Overview and Facts about Bursitis in the Heel Bone
Bursitis in the heel bone, also known as retrocalcaneal bursitis, is an orthopedic condition that occurs when the fluid-filled sacs, called bursae, around your heel joint become inflamed.
The bursae are located above the area where the Achilles tendon attaches to the heel bone. Bursitis of the heel bone is a common injury for athletes, frequently effecting dancers and runners.
Signs and Symptoms of Bursitis in the Heel Bone
Symptoms of bursitis in the heel bone include:
- Pain when pressure is put on the heel
- Swelling and inflammation at the back of the heel
- Calf muscle pain when walking or running
- Stiffness in the heel
- Cracking of the joint when flexing the foot
- Discomfort when wearing shoes
Causes and Risk Factors of Bursitis in the Heel Bone
The most common causes of bursitis in the heel bone are overuse of the ankle and heel, a rapid increase in activity and not warming up enough before physical activity. It can also arise due to walking in high heels or playing sports in inappropriate shoes. Other possible causes include arthritis, gout and Haglund’s deformity. In rare cases, bursitis of the heel may be caused by an infection.
You might have an increased risk of bursitis in the heel bone if you:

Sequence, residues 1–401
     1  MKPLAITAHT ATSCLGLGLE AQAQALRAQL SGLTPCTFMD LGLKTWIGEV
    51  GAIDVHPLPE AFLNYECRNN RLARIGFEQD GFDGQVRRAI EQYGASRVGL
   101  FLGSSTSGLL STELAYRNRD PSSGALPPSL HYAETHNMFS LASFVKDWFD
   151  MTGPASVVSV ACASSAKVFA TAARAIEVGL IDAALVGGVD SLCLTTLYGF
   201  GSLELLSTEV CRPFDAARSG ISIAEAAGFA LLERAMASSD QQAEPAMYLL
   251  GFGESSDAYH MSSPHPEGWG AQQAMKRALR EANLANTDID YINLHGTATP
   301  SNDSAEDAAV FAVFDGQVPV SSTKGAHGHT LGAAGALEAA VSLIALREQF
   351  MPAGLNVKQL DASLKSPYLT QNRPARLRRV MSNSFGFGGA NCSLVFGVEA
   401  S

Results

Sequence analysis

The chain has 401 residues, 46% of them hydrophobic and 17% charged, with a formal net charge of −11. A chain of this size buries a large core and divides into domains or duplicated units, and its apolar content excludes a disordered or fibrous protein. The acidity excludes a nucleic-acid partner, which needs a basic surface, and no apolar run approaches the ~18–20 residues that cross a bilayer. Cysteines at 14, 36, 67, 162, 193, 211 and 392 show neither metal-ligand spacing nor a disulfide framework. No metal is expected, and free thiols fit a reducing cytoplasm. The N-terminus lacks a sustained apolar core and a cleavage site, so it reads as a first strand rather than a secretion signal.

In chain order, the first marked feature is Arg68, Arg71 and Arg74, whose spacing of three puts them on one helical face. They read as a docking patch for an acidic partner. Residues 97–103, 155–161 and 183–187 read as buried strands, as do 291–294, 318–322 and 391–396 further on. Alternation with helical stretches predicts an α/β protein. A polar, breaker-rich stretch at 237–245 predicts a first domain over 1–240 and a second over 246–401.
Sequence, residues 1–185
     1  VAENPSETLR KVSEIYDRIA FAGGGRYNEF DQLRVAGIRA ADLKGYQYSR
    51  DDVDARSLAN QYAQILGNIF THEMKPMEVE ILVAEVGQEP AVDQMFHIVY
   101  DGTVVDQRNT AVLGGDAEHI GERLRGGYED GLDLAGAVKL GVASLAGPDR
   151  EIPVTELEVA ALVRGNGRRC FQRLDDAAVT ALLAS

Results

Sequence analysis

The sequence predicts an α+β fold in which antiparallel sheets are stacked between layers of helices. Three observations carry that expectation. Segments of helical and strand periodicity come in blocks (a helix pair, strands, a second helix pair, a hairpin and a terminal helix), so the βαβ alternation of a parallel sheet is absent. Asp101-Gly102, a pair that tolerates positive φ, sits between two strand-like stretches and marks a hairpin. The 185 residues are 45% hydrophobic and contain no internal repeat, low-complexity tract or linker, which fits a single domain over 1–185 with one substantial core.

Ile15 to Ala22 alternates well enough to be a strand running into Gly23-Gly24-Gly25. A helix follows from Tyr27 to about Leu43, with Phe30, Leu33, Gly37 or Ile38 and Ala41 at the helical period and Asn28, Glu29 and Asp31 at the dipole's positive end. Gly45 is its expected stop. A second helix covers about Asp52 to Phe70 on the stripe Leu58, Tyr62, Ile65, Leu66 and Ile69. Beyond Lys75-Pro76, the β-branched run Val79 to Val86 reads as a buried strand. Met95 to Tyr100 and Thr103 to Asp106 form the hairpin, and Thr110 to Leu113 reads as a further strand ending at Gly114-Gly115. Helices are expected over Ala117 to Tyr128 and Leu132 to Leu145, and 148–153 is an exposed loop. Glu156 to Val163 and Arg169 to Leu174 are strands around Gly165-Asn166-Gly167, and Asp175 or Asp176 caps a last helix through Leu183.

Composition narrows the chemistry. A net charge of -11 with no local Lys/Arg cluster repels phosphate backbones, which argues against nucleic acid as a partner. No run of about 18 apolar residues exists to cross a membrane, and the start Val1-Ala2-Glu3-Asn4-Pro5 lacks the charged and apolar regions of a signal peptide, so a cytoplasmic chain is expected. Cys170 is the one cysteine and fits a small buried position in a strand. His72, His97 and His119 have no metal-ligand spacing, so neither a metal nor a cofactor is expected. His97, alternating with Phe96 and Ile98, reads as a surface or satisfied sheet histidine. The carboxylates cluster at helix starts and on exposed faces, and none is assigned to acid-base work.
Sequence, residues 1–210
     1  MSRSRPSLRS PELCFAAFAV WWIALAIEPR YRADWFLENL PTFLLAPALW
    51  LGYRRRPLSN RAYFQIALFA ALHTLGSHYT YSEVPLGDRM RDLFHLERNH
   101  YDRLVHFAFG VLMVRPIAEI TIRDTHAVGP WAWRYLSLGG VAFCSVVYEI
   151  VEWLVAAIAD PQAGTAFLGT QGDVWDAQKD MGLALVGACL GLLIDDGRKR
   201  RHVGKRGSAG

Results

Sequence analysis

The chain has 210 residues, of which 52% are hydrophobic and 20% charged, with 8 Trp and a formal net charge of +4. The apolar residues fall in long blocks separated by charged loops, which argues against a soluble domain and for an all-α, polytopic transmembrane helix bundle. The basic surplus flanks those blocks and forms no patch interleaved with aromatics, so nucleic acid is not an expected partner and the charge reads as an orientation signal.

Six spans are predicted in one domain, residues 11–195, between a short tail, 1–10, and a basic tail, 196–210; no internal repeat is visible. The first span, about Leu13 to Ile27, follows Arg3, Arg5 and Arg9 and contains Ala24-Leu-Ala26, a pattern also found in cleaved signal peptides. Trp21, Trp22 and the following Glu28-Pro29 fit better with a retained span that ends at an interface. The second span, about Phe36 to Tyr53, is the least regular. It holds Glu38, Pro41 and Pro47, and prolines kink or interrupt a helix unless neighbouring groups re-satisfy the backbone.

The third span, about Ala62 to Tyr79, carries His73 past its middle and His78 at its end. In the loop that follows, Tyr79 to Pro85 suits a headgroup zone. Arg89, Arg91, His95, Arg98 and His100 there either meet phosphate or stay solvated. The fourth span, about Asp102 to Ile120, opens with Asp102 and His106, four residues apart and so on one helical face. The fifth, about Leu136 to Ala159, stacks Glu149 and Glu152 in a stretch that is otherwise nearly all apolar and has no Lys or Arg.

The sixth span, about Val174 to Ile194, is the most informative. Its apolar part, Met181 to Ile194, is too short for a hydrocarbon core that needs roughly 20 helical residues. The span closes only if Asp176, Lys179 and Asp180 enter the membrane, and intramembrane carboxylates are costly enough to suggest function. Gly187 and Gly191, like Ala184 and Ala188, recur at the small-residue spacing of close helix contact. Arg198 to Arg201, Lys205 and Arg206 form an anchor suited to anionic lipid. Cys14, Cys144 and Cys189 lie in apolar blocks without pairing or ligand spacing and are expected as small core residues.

- Participate in high-intensity sports
- Are over 65 years of age
- Don’t warm up sufficiently before exercise
- Have tight muscles
- Have a job involving repetitive movement and joint stress
Tests and Diagnosis of Bursitis in the Heel Bone
To diagnose bursitis in the heel, your doctor will examine your foot, ankle, and heel for signs of swelling, inflammation, heat, and tenderness. The doctor might use magnetic resonance imaging (MRI) or X-rays to pinpoint the injury and rule out a fracture or other more serious injury. In some instances, your doctor might withdraw fluid from your heel to test for infection.
Treatment and Care for Bursitis in the Heel Bone
Bursitis in the heel bone can usually be managed at home by:
- Icing your heels several times throughout the day
- Elevating your feet
- Resting your ankles
- Taking over-the-counter nonsteroidal anti-inflammatory drugs (NSAIDs)
Your physician might also recommend wearing heel wedges in your shoes to reduce the stress on your ankles and heels. Symptoms usually disappear within eight weeks of using at-home treatments. If home treatment is not successful, your doctor might recommend a steroid injection. Physical therapy can assist in strengthening the tendons around your ankle and heel. In rare cases, surgery is necessary to remove the bursae.
Bursitis of the heel bone can be prevented by warming up adequately before exercising, using proper form when working out and wearing supportive footwear.